Decoding the universe
Waterloo is one smart city. The Perimeter is making it smarter.
PAUL WELLS | August 27, 2008 |
When I visited the Perimeter Institute for Theoretical Physics in Waterloo several weeks ago, it was by most accounts an ordinary day. Physicists and mathematicians from around the world had gathered for an interdisciplinary conference on the origins of the universe, so the Black Hole Bistro was serving a buffet instead of the regular sit-down menu. William Phillips, the 1997 Nobel Prize-winner for Physics, was in town to give a public lecture in a nearby high-school auditorium on super-cold temperatures. Like most Perimeter public lectures, it would play to a packed house of 600 ordinary Kitchener and Waterloo residents.
A Perimeter press lady had loaned me an empty workspace where I could leave my stuff while I wandered around the sleek, slate-black building, interviewing the physics think-tank's various thinkers. Presently she tracked me down and announced that she had to kick me out of the little office. "Mike's here and he wants to do some work before the announcement."
Mike, of course, is Mike Lazaridis. The founder and co-CEO of Research In Motion, the people who make BlackBerry smart phones. He founded Perimeter in 1999 and fuelled it with $100 million of his own money a year later.
So it's kind of striking, and oddly charming, that the very hands-on patron of a world-beating institute designed to crack the basic riddles of the cosmos has never asked for a permanent office in the place. It was all the more striking on this particular day, because the "announcement" he was preparing to make was an additional $50-million donation to Perimeter. Add that to the original $100 million and a separate $50-million grant for the University of Waterloo's Institute for Quantum Computing and it's a cool $200 million that Lazaridis has donated to science in Waterloo.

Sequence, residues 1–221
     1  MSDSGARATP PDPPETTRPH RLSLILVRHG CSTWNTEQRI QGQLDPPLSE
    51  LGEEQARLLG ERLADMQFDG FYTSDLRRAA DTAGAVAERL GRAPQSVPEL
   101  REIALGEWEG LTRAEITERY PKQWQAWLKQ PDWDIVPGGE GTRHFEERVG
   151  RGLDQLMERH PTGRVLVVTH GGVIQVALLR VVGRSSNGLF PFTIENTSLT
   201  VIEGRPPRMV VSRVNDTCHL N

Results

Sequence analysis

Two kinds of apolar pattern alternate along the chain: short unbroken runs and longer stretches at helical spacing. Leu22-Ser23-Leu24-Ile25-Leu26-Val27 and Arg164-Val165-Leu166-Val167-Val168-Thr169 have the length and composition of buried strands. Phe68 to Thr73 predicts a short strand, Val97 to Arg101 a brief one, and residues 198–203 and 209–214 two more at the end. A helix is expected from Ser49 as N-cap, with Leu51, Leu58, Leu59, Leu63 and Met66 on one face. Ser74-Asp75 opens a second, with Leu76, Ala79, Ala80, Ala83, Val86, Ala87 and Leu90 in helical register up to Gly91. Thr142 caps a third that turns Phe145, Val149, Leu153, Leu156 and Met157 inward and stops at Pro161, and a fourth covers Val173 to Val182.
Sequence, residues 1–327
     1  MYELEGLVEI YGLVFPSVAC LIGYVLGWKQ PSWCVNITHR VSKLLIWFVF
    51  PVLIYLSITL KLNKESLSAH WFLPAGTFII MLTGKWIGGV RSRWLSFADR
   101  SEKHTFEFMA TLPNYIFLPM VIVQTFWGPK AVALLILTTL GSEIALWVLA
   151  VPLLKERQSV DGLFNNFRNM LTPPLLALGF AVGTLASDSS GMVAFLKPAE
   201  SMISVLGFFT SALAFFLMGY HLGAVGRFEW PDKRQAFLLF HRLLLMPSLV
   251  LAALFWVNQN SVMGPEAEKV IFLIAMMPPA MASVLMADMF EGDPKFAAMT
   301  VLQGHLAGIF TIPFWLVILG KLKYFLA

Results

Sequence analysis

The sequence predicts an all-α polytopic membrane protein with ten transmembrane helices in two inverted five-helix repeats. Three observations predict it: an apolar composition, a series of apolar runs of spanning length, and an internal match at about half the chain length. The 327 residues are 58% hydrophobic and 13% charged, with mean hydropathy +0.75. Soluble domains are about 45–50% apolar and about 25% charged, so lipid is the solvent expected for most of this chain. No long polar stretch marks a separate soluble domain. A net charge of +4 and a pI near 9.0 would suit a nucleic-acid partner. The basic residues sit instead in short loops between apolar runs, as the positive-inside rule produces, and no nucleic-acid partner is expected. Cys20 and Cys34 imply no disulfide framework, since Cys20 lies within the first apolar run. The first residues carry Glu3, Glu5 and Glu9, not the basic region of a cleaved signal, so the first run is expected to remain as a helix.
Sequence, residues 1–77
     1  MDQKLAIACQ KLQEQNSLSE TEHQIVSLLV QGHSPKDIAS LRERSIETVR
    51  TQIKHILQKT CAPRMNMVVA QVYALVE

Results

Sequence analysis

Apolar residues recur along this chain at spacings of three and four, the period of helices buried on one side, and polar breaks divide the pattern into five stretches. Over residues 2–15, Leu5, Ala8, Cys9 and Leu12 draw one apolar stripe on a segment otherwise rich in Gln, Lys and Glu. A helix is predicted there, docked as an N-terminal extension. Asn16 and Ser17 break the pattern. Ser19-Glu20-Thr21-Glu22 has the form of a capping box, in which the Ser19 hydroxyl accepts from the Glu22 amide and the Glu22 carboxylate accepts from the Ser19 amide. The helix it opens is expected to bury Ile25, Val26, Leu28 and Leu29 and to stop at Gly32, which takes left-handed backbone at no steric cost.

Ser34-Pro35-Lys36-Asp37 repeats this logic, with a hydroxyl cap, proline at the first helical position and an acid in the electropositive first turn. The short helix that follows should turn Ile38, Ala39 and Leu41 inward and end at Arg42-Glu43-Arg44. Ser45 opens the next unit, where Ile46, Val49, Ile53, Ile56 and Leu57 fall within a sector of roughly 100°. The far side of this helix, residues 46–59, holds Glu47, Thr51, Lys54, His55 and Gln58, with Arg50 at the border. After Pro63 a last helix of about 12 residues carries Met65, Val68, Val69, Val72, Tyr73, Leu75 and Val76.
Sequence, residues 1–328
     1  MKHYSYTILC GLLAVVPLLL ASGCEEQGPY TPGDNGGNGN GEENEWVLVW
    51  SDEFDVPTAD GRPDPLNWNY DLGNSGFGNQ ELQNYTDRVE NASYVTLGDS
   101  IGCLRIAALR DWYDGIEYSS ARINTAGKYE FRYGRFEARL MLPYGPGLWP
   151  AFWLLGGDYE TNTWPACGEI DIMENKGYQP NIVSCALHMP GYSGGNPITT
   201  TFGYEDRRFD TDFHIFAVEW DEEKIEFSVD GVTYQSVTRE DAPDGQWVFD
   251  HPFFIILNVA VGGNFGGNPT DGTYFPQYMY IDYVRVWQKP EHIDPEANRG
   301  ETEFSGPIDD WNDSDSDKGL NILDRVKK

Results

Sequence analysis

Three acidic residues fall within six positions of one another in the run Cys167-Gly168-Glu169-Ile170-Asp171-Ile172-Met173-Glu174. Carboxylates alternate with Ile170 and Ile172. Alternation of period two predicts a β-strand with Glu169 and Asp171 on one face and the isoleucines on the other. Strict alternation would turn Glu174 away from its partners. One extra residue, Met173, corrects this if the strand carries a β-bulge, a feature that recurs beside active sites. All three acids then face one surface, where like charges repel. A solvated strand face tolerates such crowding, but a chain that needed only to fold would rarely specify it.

An outsider would be tempted to point to Lazaridis as the biggest single reason why Kitchener/Waterloo does so well in the Canadian Council on Learning's annual Canadian Learning Index — Kitchener is fourth among major cities, and Waterloo is one of the fastest-rising communities in the country. But Lazaridis is always careful to depict himself more as a product of the region's assets than as someone extraordinary.
"Think about it. We've got two major universities and one of the largest colleges in one city. If you consider the whole region and include Guelph, that's another university. Combine all that with this massive co-op learning program that is bringing this transfusion of new talent to the city every four months. Consider the influence the universities have had on the high schools in the region. Look at performance in math competitions, science competitions, computer science competitions. All of this is coming together as a confluence."
Things were already moving quite quickly at Perimeter, but they are about to move even faster. Less than a decade after its launch, it is beginning an astonishing new burst of growth. Neil Turok, one of Britain's most renowned and controversial physicists, is moving to Waterloo as Perimeter's new executive director. He will enhance Perimeter's reputation as the global headquarters for some of science's greatest debates, even as he forges new links between Waterloo and the best young minds in sub-Saharan Africa. Perimeter is expanding its award-winning efforts to explain science to the general public, and to lure high school and university students into a life in science.
Perimeter's ambition is to decode the secrets of the universe, nothing less, and to turn that knowledge to human benefit. "Longing on a large scale," Don DeLillo once wrote, "is what makes history." The people at Perimeter long to understand the cosmos. Simply by making the effort they are already making history.
It would be hard to know where to begin explaining all of this action if one man were not so clearly at the centre of it all: Mike Lazaridis. He sat in this borrowed office, silver-haired and ebullient, pecking at a veggie platter. He swore me to secrecy and handed me the latest BlackBerry model, as he does with evident pride each time we meet. And he explained why, even as RIM heads into a knife fight with Apple and Google for dominance in the high-end smart phone market, he continues to pour his personal fortune into eggheads and chalkboards.
"Throwing your money around again," I said.
"No," he shot back with a grin. "Investing it."
It is not always clear why "investing" would be the right word. Perimeter is not the research branch of Research In Motion. Its mandate is not to build better little keyboards for PDAs. Its faculty, visiting scholars, postdoctoral researchers and graduate students come here to follow their curiosity, free from mandates or deadlines, into the most esoteric corners of human knowledge. The dawn of time. Other dimensions. The neurotic and fundamentally unpredictable behaviour of atoms and their constituent parts. Riddles so vast it is hard to take their measure or even give them names.